Simone LeAmon is a Melbourne based interdisciplinary designer who runs the O.S INITIATIVE design consultancy. Simone has worked on a diverse range of design projects including interiors, furniture, products and creative direction for Australian and international clients.
- “Someone once said to me that either; the work is the story or the story is the work. If you can see evidence of both, a project can be truly satisfying.”
- “The scope for self-marketing and promotion is considerably larger now with the Web. The forums for exposing your work are multiplying all the time. This said, you still need a strategy – and you need an angle.”
- “More designers should write and publish – but, it takes time to develop a line of inquiry.”
- “Australian designers are under-exposed both nationally and internationally. Design festivals only achieve so much…….”
1. Simone, Welcome to Design Droplets. Thank you for taking the time to talk with me, could you please give me a quick introduction on yourself.
In the first person! O.K, I’ll do my best, excuse me if I don’t sound witty – it’s been a long week.
Central to my practice is the creation of experiences. It is this capacity to move people – emotionally and mentally that draws me to design. This said, it took me several years to formalise my practice as a designer. I commenced my career in the contemporary arts studying sculpture at the VCA. This training emphasised an engagement with concepts, materiality and process. Principally, it facilitated experimentation and exploration.
This led me to the coveted studio of Susan Cohn where my training continued. From this time on my practice embraced art, craft and design dialogues and inevitably took on an interdisciplinary character. Intent on forging a career as both artist and designer I felt the need to formalise my qualifications in design receiving a masters in industrial design from RMIT University. In the ensuing years I co-founded n+1 equals studio and pursued several international projects courtesy of arts grants and studio residencies.
Inspired and encouraged by the people I met in Milan while living there (2001) I looked for engagement with design manufacturers and galleries. Since that time I have established my own design consultancy called O.S INITIATIVE and worked on a diverse range of design projects including interiors, furniture, products and creative direction. I live in Melbourne and work with Australian and international clients and when I can I go overseas to the Fairs for business.
2. One of your more recent projects that Design Droplets readers are probably familiar with is the Lepidoptera chair, can you tell me bit about this particular project?
Someone once said to me that either; the work is the story or the story is the work. If you can see evidence of both, a project can be truly satisfying. This was my experience with Lepidoptera, produced for the Cicely and Colin Rigg Contemporary Design Award at the National Gallery of Victoria in March this year. Traditionally the Rigg Award has focused on overtly creative and conceptual forms of craft and design – it isn’t about the perfection of 20th Century design philosophies. Hence, the project delivered an opportunity to practise what I enjoy most, that is; to develop a conceptual underpinning for a work and see where it leads. To this end, Lepidoptera was a journey – and when I completed the prototype I thought; mmm, you’re strange – but I really like you.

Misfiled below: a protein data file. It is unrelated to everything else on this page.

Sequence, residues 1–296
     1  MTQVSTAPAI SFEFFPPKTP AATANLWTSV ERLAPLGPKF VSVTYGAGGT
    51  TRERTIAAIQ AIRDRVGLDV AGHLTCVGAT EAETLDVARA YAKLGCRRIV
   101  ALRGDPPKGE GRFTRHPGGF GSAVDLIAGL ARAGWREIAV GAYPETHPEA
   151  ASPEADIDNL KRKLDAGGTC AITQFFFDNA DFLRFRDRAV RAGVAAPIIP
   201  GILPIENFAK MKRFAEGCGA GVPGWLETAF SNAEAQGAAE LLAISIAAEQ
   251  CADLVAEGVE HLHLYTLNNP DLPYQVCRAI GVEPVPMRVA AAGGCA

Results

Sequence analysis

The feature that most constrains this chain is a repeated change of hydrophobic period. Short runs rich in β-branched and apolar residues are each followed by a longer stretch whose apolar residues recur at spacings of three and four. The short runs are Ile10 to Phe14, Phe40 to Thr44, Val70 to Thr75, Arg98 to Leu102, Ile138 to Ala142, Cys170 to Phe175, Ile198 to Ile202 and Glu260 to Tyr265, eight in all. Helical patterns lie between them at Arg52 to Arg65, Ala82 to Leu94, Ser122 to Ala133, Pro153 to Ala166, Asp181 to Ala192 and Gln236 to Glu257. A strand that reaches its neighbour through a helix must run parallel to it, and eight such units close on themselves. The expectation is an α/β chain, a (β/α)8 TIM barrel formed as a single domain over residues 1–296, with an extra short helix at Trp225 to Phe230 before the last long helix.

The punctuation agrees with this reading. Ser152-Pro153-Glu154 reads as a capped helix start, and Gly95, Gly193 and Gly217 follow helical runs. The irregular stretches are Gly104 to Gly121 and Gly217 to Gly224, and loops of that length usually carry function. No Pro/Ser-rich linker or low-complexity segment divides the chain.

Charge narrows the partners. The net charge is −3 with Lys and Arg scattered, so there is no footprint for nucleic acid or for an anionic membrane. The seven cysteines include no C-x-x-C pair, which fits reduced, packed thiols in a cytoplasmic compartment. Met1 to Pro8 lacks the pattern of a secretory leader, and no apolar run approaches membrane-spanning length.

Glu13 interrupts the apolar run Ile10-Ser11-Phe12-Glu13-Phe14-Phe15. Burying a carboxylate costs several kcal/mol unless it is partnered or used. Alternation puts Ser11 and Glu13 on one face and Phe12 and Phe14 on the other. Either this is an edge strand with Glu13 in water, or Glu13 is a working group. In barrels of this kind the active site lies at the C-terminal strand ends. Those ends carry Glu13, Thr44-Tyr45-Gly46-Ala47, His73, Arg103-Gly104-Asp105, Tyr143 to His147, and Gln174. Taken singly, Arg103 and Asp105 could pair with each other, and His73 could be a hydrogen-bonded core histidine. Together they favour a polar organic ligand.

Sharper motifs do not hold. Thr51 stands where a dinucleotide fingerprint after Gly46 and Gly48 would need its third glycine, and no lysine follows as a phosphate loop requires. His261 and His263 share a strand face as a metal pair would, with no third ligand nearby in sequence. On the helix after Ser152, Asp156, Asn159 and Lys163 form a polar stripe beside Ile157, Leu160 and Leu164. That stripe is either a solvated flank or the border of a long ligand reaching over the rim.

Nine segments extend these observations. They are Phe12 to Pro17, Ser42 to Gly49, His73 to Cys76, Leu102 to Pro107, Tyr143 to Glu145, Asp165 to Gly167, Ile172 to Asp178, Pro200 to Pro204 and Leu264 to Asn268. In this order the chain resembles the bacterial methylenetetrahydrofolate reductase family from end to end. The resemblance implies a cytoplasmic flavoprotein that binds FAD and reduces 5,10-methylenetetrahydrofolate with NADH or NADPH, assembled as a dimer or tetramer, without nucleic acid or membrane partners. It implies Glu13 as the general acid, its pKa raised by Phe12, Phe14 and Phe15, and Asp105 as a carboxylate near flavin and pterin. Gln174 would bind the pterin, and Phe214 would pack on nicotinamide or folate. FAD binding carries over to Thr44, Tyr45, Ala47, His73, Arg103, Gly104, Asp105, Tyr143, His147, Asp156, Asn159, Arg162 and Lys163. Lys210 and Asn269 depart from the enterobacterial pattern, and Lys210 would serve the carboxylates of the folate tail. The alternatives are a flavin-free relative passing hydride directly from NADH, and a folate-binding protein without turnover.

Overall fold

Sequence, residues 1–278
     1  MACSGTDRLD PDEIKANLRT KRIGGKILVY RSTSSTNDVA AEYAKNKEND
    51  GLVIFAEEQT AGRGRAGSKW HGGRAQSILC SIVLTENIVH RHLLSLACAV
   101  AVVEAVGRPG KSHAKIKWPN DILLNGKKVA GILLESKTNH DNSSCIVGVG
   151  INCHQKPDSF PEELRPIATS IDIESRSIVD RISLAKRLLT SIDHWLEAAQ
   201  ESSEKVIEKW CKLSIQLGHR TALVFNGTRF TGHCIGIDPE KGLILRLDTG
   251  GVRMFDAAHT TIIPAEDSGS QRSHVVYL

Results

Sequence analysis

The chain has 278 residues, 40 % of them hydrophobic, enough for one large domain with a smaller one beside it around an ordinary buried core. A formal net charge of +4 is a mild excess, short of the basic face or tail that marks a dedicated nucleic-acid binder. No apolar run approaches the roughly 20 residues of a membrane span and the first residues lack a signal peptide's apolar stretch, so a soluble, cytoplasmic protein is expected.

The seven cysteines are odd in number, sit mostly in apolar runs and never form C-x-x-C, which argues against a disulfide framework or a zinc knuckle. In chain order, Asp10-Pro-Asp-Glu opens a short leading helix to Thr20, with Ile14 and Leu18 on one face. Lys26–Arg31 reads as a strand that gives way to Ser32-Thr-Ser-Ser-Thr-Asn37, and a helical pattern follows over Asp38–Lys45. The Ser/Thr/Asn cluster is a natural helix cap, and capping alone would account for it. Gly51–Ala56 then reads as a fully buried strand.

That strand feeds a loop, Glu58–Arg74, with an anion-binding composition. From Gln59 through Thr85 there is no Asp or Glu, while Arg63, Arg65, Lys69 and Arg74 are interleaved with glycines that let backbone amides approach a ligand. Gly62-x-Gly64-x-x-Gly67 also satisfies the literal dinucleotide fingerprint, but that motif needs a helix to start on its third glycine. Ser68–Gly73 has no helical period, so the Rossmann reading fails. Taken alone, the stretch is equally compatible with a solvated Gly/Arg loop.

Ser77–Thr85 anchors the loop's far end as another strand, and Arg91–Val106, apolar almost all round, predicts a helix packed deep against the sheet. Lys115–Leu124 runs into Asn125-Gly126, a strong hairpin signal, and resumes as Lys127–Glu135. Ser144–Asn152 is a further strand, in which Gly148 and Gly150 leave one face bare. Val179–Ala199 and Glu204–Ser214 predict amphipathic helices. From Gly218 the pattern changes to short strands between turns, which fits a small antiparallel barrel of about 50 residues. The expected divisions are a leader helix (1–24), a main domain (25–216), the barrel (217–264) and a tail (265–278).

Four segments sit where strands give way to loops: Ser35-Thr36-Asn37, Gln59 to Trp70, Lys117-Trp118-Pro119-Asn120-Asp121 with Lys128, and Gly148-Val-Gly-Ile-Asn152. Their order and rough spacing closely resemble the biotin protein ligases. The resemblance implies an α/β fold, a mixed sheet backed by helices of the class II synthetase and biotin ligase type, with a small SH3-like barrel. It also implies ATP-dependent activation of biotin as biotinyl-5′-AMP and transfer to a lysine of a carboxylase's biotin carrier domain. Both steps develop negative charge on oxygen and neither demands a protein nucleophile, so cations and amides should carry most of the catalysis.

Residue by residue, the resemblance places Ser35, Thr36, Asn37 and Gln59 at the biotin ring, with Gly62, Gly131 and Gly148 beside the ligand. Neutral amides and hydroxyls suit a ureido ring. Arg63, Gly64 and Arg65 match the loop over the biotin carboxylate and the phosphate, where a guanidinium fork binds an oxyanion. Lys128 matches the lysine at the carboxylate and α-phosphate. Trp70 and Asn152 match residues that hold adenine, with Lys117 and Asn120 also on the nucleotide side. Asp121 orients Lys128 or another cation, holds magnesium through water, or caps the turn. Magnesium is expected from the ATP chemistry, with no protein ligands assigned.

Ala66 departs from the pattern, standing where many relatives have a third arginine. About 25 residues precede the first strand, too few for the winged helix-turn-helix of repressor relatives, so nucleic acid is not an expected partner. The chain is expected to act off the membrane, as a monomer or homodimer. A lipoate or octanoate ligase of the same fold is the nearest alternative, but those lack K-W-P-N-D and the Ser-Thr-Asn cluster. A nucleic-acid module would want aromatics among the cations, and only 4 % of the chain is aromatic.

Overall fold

In 2008 I visited an automotive textile manufacturer on the outskirts of Melbourne. I was shown a vast collection of stillage (textile remnants) which had been developed for the interiors of Holden, Ford and Mitsubishi vehicles manufactured in Victoria over the past decade. I was intrigued and suggested to the company that I could do something with it, a couple of weeks later it was in my studio. For several months I entertained different design ideas, curiously none were furniture. When I was selected for Rigg Award I knew it I had to use it – the references to automotive, material by-product and Australian manufacturing was irresistible.
Regarding the title: Lepidoptera is the species name for butterflies, translated from Greek it means ‘scale’ and ‘wing’ thus, the chair draws on the anatomy of a butterfly’s wing to inform the lamination of the textiles and the structure. I had read earlier in the year how the concept of ‘structural colour’ as evidenced in a butterfly’s wings was inspiring research in the areas of automotive paint (millions of tiny scales in layers of differing densities make the colour). Further reading into Australian butterflies and I learnt that there shifting habitats are assisting current perspectives on climate change. When pieces of information start to fall together in this way I get excited.
3. Through out your career you have received a large amount of press for your work, apart from impressiveness of the work itself, what else do you to do make sure your projects are picked up by media and press?
I learnt the value of marketing oneself and work when I was making and exhibiting artwork in the mid 90′s. Starting out in artist-run spaces (galleries operated by artist collectives) I did all of my own marketing and promotion. I learnt from my peer group that making contact with arts writers, journalists, curators and collectors was critical to the overall success of your exhibition. A review in the paper brought relative notoriety and it assisted the development of your career. I also had a part-time job at Craft Victoria which facilitated many introductions. I graduated to writing the media releases for the Craft Victoria exhibitions and spoke to the press on a week-by-week basis, needless to say I learnt a few tricks.